My favorite spot in my classroom is most definitely my library! It's a place that feeds into my teacher soul and allows me to "get lost in a book." This year I was lucky enough to be able to add to my library space. Previously I had computer tables behind my library. This year, the computers and tables were removed in exchange for Chromebooks. WIN- WIN! :) I ended up pushing my library back closer toward the cubbies and extending the shelves along the wall.

How the bins are organized in my library has stayed the same. The top shelf is home to all the holiday/seasonal book bins (Fly Guy and Mo Willems in the picture to the right has since been moved). The middle and lover shelf are the leveled and chapter books. The shelves to the left feature the theme book bins.

The organization of the additional book bins also comes with purpose.

The top shelf of the addition features author book bins, while the lower incorporates characters. I feel it's important students have access to learn to "shop" for books by theme, season, just right level, character and author. 
These library labels also include a matching sticker to place on the books in each bin to ensure student organization. They are one of my favorite products purchased on TPT and can be found in Maria Manore Gavin's store here. Trust me, they are worth every penny!!  
They can also be purchased in white. *Please note they do not include the author and character labels however, it does include an editable template for you to create your own.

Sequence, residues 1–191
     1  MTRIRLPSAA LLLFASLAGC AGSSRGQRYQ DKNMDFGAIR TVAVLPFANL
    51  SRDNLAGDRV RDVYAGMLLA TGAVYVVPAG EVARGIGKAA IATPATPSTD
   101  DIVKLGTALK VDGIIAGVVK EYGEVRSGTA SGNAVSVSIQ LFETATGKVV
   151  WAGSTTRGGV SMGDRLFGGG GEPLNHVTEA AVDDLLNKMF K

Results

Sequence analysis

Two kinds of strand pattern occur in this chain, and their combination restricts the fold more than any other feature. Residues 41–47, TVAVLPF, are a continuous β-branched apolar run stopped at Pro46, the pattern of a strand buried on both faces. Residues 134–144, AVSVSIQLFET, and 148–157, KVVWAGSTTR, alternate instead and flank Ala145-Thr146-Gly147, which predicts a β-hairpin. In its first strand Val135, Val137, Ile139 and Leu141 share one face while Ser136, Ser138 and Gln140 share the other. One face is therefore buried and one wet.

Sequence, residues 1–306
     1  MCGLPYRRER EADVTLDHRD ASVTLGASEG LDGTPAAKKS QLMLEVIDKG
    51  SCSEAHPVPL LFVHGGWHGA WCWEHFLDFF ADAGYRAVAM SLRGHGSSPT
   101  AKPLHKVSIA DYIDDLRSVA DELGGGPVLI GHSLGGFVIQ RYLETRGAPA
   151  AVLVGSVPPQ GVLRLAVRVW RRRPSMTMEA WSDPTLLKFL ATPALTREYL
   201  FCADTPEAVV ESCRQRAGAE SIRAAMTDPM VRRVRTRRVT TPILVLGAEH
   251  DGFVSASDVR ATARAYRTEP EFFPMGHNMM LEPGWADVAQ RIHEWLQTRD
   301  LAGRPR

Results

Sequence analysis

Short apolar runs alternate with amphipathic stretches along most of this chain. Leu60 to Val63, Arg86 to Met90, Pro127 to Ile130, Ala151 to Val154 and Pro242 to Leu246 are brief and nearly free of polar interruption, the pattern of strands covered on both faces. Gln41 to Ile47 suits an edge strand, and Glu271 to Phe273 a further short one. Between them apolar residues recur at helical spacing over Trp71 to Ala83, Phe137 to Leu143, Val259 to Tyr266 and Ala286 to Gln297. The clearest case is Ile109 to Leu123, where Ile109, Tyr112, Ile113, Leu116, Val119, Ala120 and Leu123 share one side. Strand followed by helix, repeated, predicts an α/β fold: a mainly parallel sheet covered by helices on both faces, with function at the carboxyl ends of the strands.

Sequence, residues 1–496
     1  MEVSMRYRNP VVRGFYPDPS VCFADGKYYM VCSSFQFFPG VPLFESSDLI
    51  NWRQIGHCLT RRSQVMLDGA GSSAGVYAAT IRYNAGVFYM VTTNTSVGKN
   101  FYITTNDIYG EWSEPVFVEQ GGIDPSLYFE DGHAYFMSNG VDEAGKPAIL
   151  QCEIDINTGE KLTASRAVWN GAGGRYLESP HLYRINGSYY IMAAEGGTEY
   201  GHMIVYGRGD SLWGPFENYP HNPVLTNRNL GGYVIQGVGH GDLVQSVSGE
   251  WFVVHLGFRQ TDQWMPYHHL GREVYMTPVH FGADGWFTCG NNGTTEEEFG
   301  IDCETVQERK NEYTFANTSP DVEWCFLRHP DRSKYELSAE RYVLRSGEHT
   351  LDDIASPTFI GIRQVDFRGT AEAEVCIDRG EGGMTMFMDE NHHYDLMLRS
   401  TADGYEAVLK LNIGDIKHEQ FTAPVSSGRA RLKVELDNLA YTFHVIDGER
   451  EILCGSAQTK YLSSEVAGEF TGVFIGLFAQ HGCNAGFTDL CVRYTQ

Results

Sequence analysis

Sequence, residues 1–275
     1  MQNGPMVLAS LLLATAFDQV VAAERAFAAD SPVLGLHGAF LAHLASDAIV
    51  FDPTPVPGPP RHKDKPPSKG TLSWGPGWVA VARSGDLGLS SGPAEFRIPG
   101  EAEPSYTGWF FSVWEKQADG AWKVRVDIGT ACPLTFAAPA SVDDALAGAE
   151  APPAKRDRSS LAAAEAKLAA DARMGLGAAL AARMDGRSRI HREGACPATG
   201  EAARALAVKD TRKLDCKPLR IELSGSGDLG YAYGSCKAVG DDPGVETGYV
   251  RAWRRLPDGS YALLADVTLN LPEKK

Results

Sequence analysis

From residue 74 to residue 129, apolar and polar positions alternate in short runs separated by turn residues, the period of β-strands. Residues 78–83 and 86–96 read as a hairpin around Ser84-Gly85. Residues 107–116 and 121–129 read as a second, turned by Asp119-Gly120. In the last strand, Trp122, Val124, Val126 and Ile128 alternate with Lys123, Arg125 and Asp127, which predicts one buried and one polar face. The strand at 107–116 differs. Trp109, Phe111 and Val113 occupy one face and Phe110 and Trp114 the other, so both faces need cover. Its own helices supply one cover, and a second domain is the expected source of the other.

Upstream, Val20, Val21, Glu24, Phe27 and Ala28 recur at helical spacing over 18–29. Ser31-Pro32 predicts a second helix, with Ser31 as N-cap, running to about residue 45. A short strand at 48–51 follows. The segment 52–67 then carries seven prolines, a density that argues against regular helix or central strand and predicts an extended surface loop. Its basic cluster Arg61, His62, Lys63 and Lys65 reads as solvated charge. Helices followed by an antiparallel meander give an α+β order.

My library area is usually my meeting area for reader's and writer's workshop, as well as shared literacy, science and social studies. Therefore I have a chart stand that doubles as a white board. Some weeks I co-teach science/social studies so I find it's important to include enough space to add a space for teachers (or students who share) to join me up front (stool to the right). The stool is from TJ Maxx.

Since our reader's and writer's workshop monthly curriculum units usually go hand in hand, I find it's effective to group it together as one larger bulletin board.  It allows more space for anchor charts and posters.

My  writer's workshop area also includes my writing process posters. This is used as a class clip chart as we move through the writing stages each unit. The pack includes many color schemes to suit your theme. You can find them in my store here!

My library area is separate from my student book bins for reader's workshop. I find this to be effective when we transition from our mini lesson at the mat to independent reading around the room. Students can easily and *quietly* retrieve their bin. The student book bins labels can be found in Learning in Wonderland's store here
With the additional wall space from my library being pushed back, it also allowed extra counter space for me to display themed books. 

 I'm really excited for this space! There are so many possibilities with the extra shelf space. It is also home to our writer's workshop paper choices and writing supplies. Once again, student materials are removed from our meeting area to allow for a smoother and quieter transition from the mini lesson.

If you've been following along since the beginning, you know I'm a HUGE fan of math workshop. I am alllll about making math fun and engaging for our little learners. In order to make this successful in your classroom, you need a special space. I have created a student centered "number corner." Here you will find plenty of anchor chart space and math posters, manipulatives, games, tools and models.